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What you should know before you venture onto the ice

Courtesy of Utah State Parks

What you should know before you venture onto the ice

By Faith Heaton Jolley | Posted - Dec. 17, 2014 at 12:15 p.m.


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SALT LAKE CITY — Utah is famous for having the “Greatest Snow on Earth,” but the state also offers great ice fishing and snowmobiling. If you want to continue your outdoor activities during the winter, here are some tips to help you stay safe while on the ice.

Utah State Parks employees respond to around five ice rescues each year, according to Utah State Parks boating program manager Ty Hunter. However, that number doesn’t include undocumented incidents or the number of rescues that city or county officials are dispatched to, so the total number in the state could be much higher, Hunter said.

Typically, when people fall through the ice, it is because they are impatient and want to get out on the ice before they properly check it, Hunter said. Ice is the strongest when it is newly formed, but if there is a warm spell with snow or rain, that changes the dynamics of the ice and weakens it.

Here are things to look for in weak, unsafe ice:

  • Ice that has puddles of water on top of it
  • Ice that has multiple holes in it
  • Lots of cracks or spiral fractures throughout the ice
  • When there is movement or ridges in the ice
  • Ice that is unattached from the shoreline
Here are six things to know before you head out onto the ice for ice fishing or snowmobiling:

1. Think in terms of a thermometer instead of calendar

Rather than assuming that the ice will be thick because it is the middle of January, check the temperature to see how hot or cold it has been that week. Before you head out, check what the high and low temperatures will be for that day. If there is a large gradient between the highs and lows, the ice could be unsafe due to melting and water pooling.

2. Check with locals who are there

Ask locals and state park employees in the area where to go or how thick the ice is at the lakes or ponds in that region. Different lakes can be affected by springs that flow into them or how the sun shines on on them. There are many factors that affect how ice forms or how safe it stays.

3. Plan for the worst

If you are planning to go out onto the ice, be able to carry something to take care of yourself. Dress for the weather and wear layers. Heavy clothing won’t drag you down if you do fall into the water, Hunter said. Instead, they will keep you warm and help you float because air pockets get trapped in the layers.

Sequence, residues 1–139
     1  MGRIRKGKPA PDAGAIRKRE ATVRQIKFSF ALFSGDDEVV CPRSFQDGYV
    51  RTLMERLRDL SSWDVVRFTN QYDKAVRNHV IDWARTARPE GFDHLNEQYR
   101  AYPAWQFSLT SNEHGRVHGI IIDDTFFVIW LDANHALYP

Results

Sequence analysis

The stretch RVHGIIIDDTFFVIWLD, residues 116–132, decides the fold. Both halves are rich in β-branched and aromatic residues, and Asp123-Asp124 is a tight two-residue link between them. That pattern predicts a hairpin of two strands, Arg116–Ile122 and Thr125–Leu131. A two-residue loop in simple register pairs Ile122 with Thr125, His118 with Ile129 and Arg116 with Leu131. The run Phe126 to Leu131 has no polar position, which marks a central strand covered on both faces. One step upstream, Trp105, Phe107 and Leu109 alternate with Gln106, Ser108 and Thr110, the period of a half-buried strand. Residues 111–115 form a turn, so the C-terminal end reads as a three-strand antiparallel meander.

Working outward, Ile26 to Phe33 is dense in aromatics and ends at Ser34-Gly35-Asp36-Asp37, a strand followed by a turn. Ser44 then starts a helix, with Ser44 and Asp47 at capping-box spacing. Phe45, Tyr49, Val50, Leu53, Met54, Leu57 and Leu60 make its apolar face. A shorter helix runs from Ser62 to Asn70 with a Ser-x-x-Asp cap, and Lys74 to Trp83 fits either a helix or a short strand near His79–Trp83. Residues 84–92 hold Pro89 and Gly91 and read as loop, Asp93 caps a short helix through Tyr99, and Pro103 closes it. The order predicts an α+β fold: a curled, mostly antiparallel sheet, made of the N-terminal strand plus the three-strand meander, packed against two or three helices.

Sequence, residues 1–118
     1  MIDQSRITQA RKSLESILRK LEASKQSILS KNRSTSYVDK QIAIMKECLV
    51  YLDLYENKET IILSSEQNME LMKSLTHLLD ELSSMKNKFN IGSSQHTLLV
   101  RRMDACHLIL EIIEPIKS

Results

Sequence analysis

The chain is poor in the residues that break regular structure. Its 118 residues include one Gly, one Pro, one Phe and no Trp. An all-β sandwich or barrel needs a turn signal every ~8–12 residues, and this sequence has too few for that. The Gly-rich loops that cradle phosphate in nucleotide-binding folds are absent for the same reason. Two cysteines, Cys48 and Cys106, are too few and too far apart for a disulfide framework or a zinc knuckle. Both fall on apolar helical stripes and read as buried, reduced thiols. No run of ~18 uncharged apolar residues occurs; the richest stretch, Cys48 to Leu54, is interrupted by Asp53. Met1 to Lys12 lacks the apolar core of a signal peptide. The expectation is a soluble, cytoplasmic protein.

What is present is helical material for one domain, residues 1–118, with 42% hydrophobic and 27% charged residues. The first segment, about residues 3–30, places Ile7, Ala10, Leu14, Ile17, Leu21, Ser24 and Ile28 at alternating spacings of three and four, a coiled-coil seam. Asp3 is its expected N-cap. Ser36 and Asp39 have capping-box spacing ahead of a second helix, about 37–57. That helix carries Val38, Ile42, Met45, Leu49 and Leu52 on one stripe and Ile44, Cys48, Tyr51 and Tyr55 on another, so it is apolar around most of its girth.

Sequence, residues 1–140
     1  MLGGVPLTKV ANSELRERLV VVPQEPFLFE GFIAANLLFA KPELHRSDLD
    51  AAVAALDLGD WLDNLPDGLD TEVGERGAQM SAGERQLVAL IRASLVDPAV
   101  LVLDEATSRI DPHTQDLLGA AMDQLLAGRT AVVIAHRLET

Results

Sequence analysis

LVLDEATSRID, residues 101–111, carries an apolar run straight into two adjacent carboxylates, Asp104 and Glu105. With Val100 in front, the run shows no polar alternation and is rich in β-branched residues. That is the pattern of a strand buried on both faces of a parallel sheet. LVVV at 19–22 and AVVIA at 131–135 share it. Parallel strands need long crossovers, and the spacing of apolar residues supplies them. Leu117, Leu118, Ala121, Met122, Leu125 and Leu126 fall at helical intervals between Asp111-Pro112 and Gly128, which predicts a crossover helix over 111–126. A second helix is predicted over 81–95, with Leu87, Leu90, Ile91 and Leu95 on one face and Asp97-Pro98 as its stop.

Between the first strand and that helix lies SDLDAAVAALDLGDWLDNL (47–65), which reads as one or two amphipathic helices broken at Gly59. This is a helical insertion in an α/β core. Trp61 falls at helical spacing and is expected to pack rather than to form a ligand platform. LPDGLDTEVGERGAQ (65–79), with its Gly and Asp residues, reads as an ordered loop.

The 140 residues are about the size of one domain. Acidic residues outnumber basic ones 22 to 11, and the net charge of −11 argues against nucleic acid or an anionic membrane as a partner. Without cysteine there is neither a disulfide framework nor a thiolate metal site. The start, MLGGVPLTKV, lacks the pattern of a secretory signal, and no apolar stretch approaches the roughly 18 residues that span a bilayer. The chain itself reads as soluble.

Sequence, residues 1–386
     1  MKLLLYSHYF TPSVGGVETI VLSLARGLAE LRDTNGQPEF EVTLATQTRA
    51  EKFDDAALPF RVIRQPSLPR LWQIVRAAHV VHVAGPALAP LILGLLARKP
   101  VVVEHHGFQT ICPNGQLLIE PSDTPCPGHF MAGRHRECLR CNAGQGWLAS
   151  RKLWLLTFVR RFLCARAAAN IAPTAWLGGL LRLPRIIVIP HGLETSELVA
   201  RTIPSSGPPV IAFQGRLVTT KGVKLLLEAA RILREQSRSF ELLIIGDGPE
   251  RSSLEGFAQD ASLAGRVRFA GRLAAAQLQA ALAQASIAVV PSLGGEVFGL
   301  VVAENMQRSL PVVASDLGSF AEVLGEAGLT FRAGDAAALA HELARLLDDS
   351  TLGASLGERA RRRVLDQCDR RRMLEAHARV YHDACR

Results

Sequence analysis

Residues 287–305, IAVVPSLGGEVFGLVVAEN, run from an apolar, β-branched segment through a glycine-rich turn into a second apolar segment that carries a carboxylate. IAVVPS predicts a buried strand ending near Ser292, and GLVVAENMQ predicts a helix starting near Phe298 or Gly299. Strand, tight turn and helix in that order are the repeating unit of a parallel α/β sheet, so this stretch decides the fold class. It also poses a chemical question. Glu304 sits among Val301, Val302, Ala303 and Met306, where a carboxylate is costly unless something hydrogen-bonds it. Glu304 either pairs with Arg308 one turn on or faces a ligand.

4. Always have an ice awl and life jacket with you

Having an ice awl is your “insurance policy,” Hunter said. People should have the tool with them at all times on the ice. An ice awl can prove to be crucial if someone falls through the ice. Ice becomes very slick when it gets wet and the ice awl provides grip and traction to allow an individual to pull themselves out of the water. If someone wears a lightweight life jacket, it can help keep them afloat if they fall through the ice.

5. Do a drill test to see how thick the ice is

Hunter said people should always drill a hole in the ice to test how thick it is before they venture onto it very far. If the ice is two inches thick or less, people should stay off of it. Ice that is four inches thick will typically hold the weight of a person and ice that is five inches thick will hold a snowmobile or ATV. However, it is not recommended to drive a vehicle on the ice, Hunter said.

6. What to do if you fall into the ice

If you do happen to fall through the ice, Hunter advised to remain calm and keep your clothing on while you are in the water because it will protect you from the elements. Swim toward where you fell through the ice and locate a solid shelf of ice. Next, lie flat on the top of the water and kick with your feet to propel yourself onto the shelf, Hunter said. Use your arms and your ice pick to secure yourself on the top of the ice and pull yourself out.

Then continue laying down to distribute your weight evenly across the ice and roll toward the shore. Once you have reached the shore, get to a warm location and strip your wet clothing off. Always call an ambulance after you have fallen through the ice so medical professionals can examine you for broken bones or hypothermia.

If you are with someone who cannot get themselves out of the water, do not go out to where they are because the ice is likely weak in that area and you could fall through as well, Hunter said. Try to locate a branch or rope that you could throw to the individual while maintaining a safe distance. If you can’t pull the person out with a rope or branch, keep an eye on them so you can direct emergency responders to the victim when they arrive.

“The biggest thing is there is never a 100 percent safe area on the ice,” Hunter said. “You do what you are comfortable with. Don’t become complacent and always think when you are out there, ‘How can I take care of me?’ ”

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Faith Heaton Jolley

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